By Jackson Holtz Herald Writer
At 74, George Takei, also known as Sulu from “Star Trek,” is battling much more than Klingons.
The actor and activist is using his celebrity and his personal experience to tackle racism, xenophobia and homophobia.
He’s one of many sci-fi celebrities participating in the 10th annual Emerald City Comicon from March 30 to April 1 at the Washington State Convention Center in Seattle.
Other big names include James and Oliver Phelps, the twins from the “Harry Potter” movies; and Adam Baldwin from “Ordinary People” and “Chuck.”
The Comicon is an annual comic book and pop culture convention, a three-day gathering of movie, television and comic book personalities. Visitors dress in costume to seek autographs and hear directly from their favorite characters.
These days, Takei said, he often meets several generations of “Star Trek” devotees.
Like the Vulcan saying, “Live long and prosper,” so has enthusiasm for the 1960s sci-fi television series.
“That’s because of the fans,” Takei said. “It’s their undying support, their passion and their love for ‘Star Trek.’”
Leonard Nimoy, Nichelle Nichols, Walter Marvin Koenig and other actors from the series are like a family with one exception: “Bill Shatner, who is a strange bird,” Takei said.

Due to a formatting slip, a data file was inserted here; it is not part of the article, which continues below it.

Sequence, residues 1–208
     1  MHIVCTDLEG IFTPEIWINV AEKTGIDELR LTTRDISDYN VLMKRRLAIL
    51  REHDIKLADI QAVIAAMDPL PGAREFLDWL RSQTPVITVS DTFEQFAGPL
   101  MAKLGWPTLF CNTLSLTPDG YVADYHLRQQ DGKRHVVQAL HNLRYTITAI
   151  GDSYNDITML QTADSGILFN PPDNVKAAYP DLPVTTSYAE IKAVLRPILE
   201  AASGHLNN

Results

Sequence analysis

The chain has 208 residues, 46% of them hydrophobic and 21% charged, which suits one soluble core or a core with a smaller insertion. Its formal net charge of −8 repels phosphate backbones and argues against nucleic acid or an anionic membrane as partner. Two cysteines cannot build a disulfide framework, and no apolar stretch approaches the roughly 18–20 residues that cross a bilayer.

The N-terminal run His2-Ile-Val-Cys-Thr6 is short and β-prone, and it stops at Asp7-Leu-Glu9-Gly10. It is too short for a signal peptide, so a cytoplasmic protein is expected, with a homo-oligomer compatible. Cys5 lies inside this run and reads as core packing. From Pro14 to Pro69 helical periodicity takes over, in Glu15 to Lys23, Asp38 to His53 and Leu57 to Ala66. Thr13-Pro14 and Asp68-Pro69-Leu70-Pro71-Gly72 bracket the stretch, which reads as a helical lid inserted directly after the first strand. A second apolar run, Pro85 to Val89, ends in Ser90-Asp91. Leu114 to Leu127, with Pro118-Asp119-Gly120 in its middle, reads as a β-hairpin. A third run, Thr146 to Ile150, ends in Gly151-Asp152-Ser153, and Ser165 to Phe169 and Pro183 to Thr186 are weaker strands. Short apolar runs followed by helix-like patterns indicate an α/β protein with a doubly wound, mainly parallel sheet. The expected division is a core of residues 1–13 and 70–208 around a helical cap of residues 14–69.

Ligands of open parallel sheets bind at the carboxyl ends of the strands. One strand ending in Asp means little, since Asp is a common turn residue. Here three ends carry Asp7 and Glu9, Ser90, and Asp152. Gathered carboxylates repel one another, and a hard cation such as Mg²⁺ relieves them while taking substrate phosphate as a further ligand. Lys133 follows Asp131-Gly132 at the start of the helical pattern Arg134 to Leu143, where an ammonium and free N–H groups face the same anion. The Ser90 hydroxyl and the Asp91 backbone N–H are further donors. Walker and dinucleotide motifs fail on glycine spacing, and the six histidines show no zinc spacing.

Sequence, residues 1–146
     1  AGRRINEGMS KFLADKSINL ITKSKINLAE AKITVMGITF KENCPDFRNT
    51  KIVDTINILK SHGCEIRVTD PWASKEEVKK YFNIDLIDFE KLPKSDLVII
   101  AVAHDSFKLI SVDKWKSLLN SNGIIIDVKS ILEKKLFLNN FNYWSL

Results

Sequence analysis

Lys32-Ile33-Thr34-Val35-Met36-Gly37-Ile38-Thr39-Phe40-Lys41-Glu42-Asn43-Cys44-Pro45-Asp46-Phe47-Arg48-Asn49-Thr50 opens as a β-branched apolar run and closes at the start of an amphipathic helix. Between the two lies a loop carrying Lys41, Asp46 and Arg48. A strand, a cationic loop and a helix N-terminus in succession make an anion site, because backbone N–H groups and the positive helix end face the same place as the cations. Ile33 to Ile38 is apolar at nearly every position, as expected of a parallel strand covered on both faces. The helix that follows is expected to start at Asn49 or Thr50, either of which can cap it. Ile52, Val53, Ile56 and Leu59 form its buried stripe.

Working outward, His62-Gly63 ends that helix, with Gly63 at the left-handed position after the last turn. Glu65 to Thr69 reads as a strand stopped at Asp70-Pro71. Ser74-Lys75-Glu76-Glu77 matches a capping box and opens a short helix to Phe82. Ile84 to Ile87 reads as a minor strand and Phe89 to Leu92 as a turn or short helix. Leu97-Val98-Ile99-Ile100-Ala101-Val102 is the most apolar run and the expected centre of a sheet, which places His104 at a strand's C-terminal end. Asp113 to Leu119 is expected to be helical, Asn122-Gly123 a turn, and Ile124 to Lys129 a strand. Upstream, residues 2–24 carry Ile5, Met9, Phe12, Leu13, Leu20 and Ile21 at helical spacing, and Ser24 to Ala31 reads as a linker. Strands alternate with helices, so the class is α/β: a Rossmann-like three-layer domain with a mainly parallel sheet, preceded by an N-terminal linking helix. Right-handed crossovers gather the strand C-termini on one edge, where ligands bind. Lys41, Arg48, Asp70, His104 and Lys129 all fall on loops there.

But Takei likes to expand the conversation beyond his iconic role as the navigator aboard the USS Enterprise.
“The activist part is very personal to me,” Takei said during a recent interview.
He spent four years, from age 5 to 8, locked up in a concentration camp during World War II.
Takei talks about this dark chapter of American history when law-abiding Japanese Americans were summarily rounded up and put in camps for simply looking like the enemy.
As a gay man, he also is fighting for equal rights for gays and lesbians, he said.
Here in Washington he plans to continue his crusade against people who oppose same-sex marriage.
“They are the people who are trying to make our government less democratic,” Takei said. “They are against their own sons and daughters, their brothers and sisters, their aunts and uncles. They are trying to disenfranchise their own kin.”
In his campaign, Takei also has mastered social media, accumulating more than a million Facebook fans.
“I am just astounded by the power of this medium that we have today,” he said. “It is immediate, it is all-embracing, and it is comprehensive.”
He’s still very much in the public eye.
He was on the past season of “Celebrity Apprentice,” but “I’ve joined a legion of people that have been fired by Donald Trump,” he said.
His acting work continues on Nickelodeon’s “Supah Ninja,” and he’s working on a new semi-biographical musical, “Allegiance,” scheduled to open in San Diego later this year before going to Broadway.
“I’m very thrilled about it,” he said. “That’s my legacy project.”
Jackson Holtz: 425-339-3447; email@example.com.
The annual comic book and pop culture convention runs from 2 to 8 p.m. Friday, March 30; 10 a.m. to 7 p.m. Saturday, March 31; and 10 a.m. to 5 p.m. Sunday, April 1, at the Washington State Convention Center, 800 Convention Place, Seattle.
Tickets are $60 for a three-day pass, $20 for Friday, $30 for Saturday, $25 for Sunday. Children 3 to 10 are $10, good for admission all days. Children 2 and under are admitted free. Tickets available at the door.
More information at www.emeraldcitycomicon.com.